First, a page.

Sharon Baltman is a Toronto-based physician psychotherapist who has travelled across Canada, the U.S., Africa, and Israel. Her articles have appeared in the Globe and Mail, on-air in First Person Singular on the CBC, and in the Canadian Medical Association Journal, among others. This fall, Baltman published Escape From the Bedside, a memoir about her experiences becoming a doctor in the early days of feminism, and why she chose to pursue narrative medicine. She whips back the curtain on outrageous moral dilemmas, knocking doctors off their pedestals. Her journey continues through tragic personal losses and betrayals, but she perseveres through her sense of humour and unwavering optimism. Baltman recently spoke to Bookclub-in-a-Box about her new memoir, which author and playwright Marianne Ackerman calls “a lesson in living” and “a deliciously good tale.”
CONTEST: Want to win a paperback copy of Sharon Baltman’s memoir? To enter, send your name and mailing address to laura [at] bookclubinabox.com by Wednesday, December 11. Good luck! (Open to residents of Canada only.) [UPDATE: This contest is now closed. Thanks to all who entered, and congratulations to our winner, Dorothy!]
I wanted to create a snapshot of how different it was in the ‘60s for a girl to attend medical school at a time when there were no female professors and only 20% of the class was women. From a historical perspective I wanted to highlight the enormous strides made by the feminist movement so the current situation for women is not taken for granted.
I wanted to reveal what goes on behind the scenes between colleagues. I document my long, difficult road learning to express my voice. My hope is that if a new graduate now finds herself working for an alcoholic boss as I did, she won’t just put up and shut up.
The second part of the book chronicles my personal stories, some tragic, some raunchy, to illustrate how impossible it is to completely compartmentalize the personal from the professional. If I hadn’t been a newly single mom at age 42, I wouldn’t have made the choice to volunteer as a psychotherapist in a remote clinic in Beit She’an, Israel.
You have worked as a general practitioner in the past, but you recently transitioned to something called “narrative medicine.” In your book, you describe it as “the field of work based on the importance of listening to the patient’s story—wherein the doctor does not ask the question: ‘Where is your pain?’ but rather inquires: ‘What do I need to know about you?’” Can you elaborate further on the practice of narrative medicine and how it differs from the work of a general practitioner?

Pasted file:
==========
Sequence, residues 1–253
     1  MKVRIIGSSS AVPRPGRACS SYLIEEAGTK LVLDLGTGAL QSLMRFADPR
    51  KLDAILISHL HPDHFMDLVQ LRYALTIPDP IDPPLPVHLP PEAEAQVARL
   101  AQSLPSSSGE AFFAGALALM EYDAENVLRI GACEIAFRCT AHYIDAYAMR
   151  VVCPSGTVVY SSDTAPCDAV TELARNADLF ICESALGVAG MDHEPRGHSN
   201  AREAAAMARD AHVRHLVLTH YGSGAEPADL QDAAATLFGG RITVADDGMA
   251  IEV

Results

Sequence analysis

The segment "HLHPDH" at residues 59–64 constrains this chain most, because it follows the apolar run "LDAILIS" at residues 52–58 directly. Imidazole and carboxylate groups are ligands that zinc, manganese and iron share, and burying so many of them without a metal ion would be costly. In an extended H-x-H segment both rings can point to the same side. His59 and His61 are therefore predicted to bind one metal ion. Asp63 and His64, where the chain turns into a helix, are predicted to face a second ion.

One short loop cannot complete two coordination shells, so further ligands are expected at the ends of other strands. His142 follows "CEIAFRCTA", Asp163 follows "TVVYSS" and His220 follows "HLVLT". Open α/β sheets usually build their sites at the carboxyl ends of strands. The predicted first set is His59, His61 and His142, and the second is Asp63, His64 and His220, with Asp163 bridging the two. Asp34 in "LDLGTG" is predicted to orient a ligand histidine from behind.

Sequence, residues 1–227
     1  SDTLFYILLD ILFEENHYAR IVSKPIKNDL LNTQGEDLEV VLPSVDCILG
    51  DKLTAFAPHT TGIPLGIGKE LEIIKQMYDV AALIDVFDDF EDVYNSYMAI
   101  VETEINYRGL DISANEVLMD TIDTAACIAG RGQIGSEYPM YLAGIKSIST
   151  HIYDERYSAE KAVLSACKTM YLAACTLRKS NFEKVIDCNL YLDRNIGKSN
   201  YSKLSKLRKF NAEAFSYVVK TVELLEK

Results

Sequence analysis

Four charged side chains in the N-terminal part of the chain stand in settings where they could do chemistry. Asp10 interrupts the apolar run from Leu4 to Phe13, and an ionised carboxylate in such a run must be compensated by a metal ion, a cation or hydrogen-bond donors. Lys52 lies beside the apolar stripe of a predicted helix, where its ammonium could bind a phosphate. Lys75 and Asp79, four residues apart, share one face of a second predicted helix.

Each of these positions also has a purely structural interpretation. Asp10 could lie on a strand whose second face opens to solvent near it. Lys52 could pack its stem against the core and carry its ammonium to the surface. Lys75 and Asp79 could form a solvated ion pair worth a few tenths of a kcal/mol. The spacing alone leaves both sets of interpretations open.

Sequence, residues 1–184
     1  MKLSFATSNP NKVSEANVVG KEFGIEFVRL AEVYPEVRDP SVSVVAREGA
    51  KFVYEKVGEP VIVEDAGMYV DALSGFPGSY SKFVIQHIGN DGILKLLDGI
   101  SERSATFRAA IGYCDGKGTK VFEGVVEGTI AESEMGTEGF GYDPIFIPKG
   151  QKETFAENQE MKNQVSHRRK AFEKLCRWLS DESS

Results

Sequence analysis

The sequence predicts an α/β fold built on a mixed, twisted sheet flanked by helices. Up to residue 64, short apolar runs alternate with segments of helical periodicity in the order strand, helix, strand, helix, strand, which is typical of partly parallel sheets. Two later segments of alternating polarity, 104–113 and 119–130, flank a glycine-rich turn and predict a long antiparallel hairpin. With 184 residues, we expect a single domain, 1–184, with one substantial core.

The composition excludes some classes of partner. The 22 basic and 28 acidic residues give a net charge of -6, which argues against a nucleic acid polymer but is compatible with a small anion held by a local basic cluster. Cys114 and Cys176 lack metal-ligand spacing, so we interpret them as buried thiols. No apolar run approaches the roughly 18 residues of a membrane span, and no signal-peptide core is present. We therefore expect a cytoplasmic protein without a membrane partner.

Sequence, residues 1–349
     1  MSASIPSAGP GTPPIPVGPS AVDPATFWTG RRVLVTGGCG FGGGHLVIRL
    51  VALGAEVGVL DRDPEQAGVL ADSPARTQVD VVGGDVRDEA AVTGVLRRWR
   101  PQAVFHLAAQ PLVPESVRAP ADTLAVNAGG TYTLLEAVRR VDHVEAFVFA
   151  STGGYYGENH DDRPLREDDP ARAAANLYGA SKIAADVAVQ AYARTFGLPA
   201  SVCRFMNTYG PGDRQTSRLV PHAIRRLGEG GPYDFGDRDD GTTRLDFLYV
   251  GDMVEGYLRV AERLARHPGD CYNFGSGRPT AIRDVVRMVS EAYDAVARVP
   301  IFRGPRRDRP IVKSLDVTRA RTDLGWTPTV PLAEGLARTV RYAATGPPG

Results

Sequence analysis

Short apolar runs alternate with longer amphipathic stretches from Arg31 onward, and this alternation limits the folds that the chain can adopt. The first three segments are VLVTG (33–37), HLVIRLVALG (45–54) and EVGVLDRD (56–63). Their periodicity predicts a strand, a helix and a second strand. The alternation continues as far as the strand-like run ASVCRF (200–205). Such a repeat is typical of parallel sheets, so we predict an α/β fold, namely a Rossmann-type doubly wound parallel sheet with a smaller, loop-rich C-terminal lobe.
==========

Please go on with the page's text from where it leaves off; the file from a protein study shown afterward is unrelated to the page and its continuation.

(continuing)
In hindsight I can see that without knowing it, narrative medicine was my direction all along. My book explains how after graduating I found myself wanting to connect more with patients than time permitted in the emergency department or general practice. That fuelled my escape from the ‘Ivory Tower’ of the hospitals to listen closely to patients’ narratives in my own private psychotherapy practice, to help them make sense of their lives.
You self-published your book, a choice that is becoming more and more popular among authors. What made you decide to go this route as opposed to finding a traditional publisher?
I didn’t get as many rejections as J.K. Rowling, though it felt like it. Every editor has their own idea of how a story should be written. I realized I could proceed on my own terms while preserving my voice through self-publishing—first researching helpful blogs about every aspect of the process and then choosing one of the many e-book and print-on-demand services. I found the whole new world of self-publishing an exciting way to bring the personal to the masses.
Name the top things to avoid when self-publishing, and the best aspects of self-publishing.
Caution. Caution. Caution. It’s important to research, ask questions and check references. Out of desperation or determination, authors can end up paying a lot of money for help that may or may not materialize.
The advantages of self-publishing are having creative control over the various elements from content to cover design to copy editing, while maintaining copyright on your work.
What do you think are the similarities between writing non-fiction and writing fiction?
When I escaped from the bedside, the work I settled into was cognitive behavioural therapy, to teach patients concrete skills to recognize how their thoughts affect their feelings and the importance of finding a grey zone between the black and white extremes of life. There are similar grey zones when fiction writers draw from real life, and non-fiction writers create scenarios as they remember them, which is not always the way others experienced them. I once heard someone say that memory is what we can’t forget about a situation. If you ask my siblings, I’m sure they would say my stories happened otherwise.
What are some of your own favourite memoirs?
Rita Golden Gelman’s Tales of a Female Nomad. In 2001 she wrote about countries I visit in my memoir—India, Bali, Thailand, New Zealand, Israel. She stayed longer and lived like a local and powerfully drew me back there.
Miko Peled’s The General’s Son detailed the switch in his journey, after his niece was killed by a suicide bomber, from following his father’s military footsteps into becoming a peace activist. He clarified myths about the history of Israel and rather than fighting against the Palestinians, he is now clearly committed to working with them to create peace.
Escape From the Bedside is available through Amazon in paperback and Kindle formats.